The following is a letter to then Senate Majority Leader William
Frist, M.D. regarding the changes needed in the Child Abuse Prevention and Treatment Act (also known by CAPTA and the Mondale
Act). This same statement was emailed to the US House Ways and Means Committee on May 15, 2007 and is a part of the
Congressional Record for the calendar year 2007.
Dear Senator Frist:
The Congressman and legislators from Arizona, New Mexico and California
sat and listened as parents, lawyers, a physician, child welfare experts and a foster parent shared horror stories of CPS
malpractice. They spoke from a giant horseshoe table (normally used by the City Council) and the lawmakers sat facing
them in staff table in front of the stage. Throughout the day, groups of 7 speakers at a time were led up to the horseshoe
table and each took their turn speaking for 10 minutes. They worked straight through lunch and the lawmakers were very
attentive. The hall was packed with an audience -- standing room only -- and four video cameras from assorted media
taped the entire thing.
All speakers were harshly negative about CPS. Some of the speeches
were very emotional (one played an audio tape into the microphone of a child screaming as police ripped him away from his
mother). As part of their presentation, each speaker offered possible solutions (reforms) to the problems many had documented
so well. Here are some of the most common themes:
1) Almost all the speakers said that CPS needed to
be dismantled and rebuilt. (A view shared by many social work researchers and other published experts).
2) That police assume the role of investigating child abuse. (One lawyer
suggested that the social work roles of "helping" and "investigating" should at least be divided and separate -- the same
worker should not do both jobs)
3) Funding be changed -- especially Title IV-E funds. The congressman agreed that
it needed to be capped and be used by the states for services other than foster care.
4) That parents receive effective legal representation. (Speaker after speaker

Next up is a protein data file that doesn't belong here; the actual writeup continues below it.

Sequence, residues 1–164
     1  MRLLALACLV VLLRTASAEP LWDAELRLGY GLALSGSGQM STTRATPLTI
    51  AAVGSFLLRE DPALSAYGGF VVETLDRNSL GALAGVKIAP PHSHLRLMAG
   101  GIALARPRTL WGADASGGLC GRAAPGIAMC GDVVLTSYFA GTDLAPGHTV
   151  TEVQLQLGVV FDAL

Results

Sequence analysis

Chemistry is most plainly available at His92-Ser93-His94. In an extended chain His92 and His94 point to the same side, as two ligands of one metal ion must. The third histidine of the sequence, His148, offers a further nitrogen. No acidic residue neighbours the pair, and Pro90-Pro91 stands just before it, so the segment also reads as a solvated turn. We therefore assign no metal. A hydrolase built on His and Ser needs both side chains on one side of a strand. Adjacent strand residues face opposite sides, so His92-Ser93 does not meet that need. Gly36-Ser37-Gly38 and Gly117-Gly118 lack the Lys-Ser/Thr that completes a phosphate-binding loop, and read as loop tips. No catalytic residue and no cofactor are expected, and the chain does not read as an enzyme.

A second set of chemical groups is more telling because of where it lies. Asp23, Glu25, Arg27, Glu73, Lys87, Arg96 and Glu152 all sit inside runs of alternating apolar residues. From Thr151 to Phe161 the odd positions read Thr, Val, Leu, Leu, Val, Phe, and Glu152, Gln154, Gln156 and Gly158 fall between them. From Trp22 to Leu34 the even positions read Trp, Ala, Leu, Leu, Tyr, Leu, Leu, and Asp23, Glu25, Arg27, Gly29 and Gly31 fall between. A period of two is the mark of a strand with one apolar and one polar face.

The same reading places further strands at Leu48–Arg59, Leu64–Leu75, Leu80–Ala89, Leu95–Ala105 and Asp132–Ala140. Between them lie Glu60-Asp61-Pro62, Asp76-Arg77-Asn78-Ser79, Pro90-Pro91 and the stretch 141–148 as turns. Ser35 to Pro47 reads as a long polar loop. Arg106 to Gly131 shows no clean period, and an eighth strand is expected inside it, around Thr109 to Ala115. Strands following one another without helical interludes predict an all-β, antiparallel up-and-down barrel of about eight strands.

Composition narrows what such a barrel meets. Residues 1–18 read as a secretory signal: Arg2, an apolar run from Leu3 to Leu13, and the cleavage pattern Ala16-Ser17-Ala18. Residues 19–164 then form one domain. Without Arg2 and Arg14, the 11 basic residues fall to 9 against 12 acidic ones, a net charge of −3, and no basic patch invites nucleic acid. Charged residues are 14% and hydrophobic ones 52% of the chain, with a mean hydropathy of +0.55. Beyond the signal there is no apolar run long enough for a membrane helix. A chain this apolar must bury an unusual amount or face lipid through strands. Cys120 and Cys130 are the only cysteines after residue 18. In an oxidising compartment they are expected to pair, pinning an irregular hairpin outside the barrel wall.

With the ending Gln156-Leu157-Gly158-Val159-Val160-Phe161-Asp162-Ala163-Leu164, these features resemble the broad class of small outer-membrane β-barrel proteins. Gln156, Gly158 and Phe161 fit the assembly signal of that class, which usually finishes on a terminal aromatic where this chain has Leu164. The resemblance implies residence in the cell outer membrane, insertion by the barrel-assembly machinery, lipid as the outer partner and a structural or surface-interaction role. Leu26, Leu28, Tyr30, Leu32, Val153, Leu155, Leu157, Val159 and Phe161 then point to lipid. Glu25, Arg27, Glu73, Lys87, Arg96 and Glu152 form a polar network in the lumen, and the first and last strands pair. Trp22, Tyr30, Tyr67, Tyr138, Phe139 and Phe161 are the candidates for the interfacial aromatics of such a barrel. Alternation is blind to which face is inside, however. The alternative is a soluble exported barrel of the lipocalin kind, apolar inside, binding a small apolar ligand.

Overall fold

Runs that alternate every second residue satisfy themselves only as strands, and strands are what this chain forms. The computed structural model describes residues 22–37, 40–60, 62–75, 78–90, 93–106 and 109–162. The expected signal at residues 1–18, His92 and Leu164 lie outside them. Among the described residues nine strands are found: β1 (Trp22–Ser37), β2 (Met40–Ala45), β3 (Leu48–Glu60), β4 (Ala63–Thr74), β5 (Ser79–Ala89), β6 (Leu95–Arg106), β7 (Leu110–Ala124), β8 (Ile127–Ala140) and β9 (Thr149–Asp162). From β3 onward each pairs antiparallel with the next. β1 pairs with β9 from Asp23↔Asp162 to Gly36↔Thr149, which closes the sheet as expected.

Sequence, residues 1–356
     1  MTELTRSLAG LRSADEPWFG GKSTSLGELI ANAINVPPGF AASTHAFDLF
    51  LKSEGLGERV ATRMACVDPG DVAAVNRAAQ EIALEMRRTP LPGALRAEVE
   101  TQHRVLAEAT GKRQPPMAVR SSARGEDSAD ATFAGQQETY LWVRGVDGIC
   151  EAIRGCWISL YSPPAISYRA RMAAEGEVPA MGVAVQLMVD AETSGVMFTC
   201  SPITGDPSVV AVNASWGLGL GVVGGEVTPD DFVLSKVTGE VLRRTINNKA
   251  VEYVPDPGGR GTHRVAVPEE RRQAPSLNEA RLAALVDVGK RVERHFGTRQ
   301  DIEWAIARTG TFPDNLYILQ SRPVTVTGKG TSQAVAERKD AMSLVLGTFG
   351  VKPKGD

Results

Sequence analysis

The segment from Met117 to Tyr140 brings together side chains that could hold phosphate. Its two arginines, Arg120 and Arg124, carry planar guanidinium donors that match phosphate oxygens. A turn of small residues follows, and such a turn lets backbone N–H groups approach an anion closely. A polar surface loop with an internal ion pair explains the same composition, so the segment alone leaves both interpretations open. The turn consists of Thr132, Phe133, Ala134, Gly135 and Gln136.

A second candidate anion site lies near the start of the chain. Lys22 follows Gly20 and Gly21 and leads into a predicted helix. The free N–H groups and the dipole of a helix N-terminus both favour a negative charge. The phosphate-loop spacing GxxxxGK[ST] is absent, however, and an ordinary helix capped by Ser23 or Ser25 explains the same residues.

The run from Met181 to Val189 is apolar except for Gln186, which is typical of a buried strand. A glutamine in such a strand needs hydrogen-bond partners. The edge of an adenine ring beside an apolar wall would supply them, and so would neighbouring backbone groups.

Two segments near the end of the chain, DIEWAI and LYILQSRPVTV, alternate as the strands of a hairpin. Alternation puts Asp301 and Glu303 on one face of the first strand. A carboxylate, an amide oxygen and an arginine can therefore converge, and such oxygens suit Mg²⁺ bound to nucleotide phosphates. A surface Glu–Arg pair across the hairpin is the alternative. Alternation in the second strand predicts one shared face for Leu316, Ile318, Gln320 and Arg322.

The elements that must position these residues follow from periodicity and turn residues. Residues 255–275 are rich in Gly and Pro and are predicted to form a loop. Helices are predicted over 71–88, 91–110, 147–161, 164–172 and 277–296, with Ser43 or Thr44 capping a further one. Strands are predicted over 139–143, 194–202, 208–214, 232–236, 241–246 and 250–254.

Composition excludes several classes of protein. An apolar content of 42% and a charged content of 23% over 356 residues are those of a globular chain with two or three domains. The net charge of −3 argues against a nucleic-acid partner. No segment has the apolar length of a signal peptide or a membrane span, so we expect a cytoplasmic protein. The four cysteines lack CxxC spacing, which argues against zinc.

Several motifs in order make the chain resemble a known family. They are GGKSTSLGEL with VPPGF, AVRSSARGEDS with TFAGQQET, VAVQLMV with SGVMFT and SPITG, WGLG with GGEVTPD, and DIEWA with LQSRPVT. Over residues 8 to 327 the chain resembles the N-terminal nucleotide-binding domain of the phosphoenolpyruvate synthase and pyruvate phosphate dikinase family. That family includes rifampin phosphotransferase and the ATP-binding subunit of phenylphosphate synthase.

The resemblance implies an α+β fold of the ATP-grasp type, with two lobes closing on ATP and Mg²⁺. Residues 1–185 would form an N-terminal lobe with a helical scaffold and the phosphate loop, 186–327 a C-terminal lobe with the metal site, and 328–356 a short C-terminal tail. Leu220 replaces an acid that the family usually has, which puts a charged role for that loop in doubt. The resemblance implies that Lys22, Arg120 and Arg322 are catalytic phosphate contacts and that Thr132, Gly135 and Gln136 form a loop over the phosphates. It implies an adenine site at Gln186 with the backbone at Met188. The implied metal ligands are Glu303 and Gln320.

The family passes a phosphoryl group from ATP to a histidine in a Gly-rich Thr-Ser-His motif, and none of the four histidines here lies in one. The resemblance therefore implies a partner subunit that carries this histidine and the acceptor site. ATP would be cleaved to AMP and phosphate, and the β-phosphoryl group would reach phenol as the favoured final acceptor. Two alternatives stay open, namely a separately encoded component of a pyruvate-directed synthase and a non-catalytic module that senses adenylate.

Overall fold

explained the dismal, sell-out work done by public pretenders. Juvenile court
judges were called to task.)
5) Almost all speakers wanted all child welfare hearings opened to the public.
There were two excellent reports on what had happened in those states that had opened up their courtrooms (none of the CPS
"chicken little predictions" have proven true.) It was the general feeling that if courtrooms were opened, the public would
learn how unjust and abusive the system is to children. It was accurately reported that states who have opened up their juvenile
and family courtrooms are experiencing more just, family-friendly procedure and decisions.
6) That anonymous reporting be stopped.
7) Repeal of mandated reporting laws.
8) .Removing the qualified immunity protection given CPS caseworkers and imposition
of criminal sanctions for perjury, false reporting, holding back favorable information, etc. (even local, county, and state
police departments do not enjoy this protection afforded the CPS).
9) Rewriting state statutes to clearly define child abuse and child neglect.
10) An investigation into therapist's practice of pseudo-science.
11) Court orders (from an actual judge, not officers of the court) for all removals and the requirement
that such "juvenile pick up orders" be issued only after a showing of probable cause that actual abuse or neglect has occurred.
12) That the cloak of secrecy be lifted from Child Protective Services (only the child's name and
other identifying information should be withheld from the public).
13) That state laws make malicious false reporting a felony punishable by prison time.
14) That CPS workers give a full and complete disclosure of rights and responsibilities to parents
at the onset of an assessment or investigation.
One parent was a former Navy Seal. He gave a moving testimony
of how all of the rights he thought he once fought for were denied him as a father of a child who was abused by CPS.
The man drove out to the conference from the East Coast.
REFORM IN CALIFORNIA
The governor has taken seriously the complaints reaching his office
from parents across the state. He is committed to using Title IV-E funds to keep families together rather than to fund
foster care. The imposition of a totally new family meeting plan piloted with help from a foundation will be funded
with Title IV-E, for instance.
He has appointed an ad-hoc commission to develop concrete, action
steps to accomplish the mission of reducing foster care incarceration by 60%. The funding change alone should reduce
the foster care population by more than that. The commission's position is that patchwork reforms will not work -- that
a total revamping of the system is required.
The same revamping of the entire CPS system is long overdue and is
warranted now. Thank you for your time.
Still father of Diane and Charlie Littlejohn under the will of God,
though taken away by the Commonwealth of Kentucky.
P.S. WASHINGTON, DC AND ALL STATES AND COMMONWEALTHS
OF THIS COUNTRY - WE ARE WATCHING YOU AND WILL VOTE EVERY POLITICIAN OUT WHO DOES NOT HEAR THEIR CONSTITUENTS! DON'T
COME CRYING TO US FOR ANOTHER TWO YEARS OR SIX YEARS IN OFFICE WHEN YOU'VE DONE NOT A SINGLE THING ABOUT REPEALING THE LAWS
THAT HURT THE GOD-ESTABLISHED TRUE AND NATURAL FAMILY (see picture below)!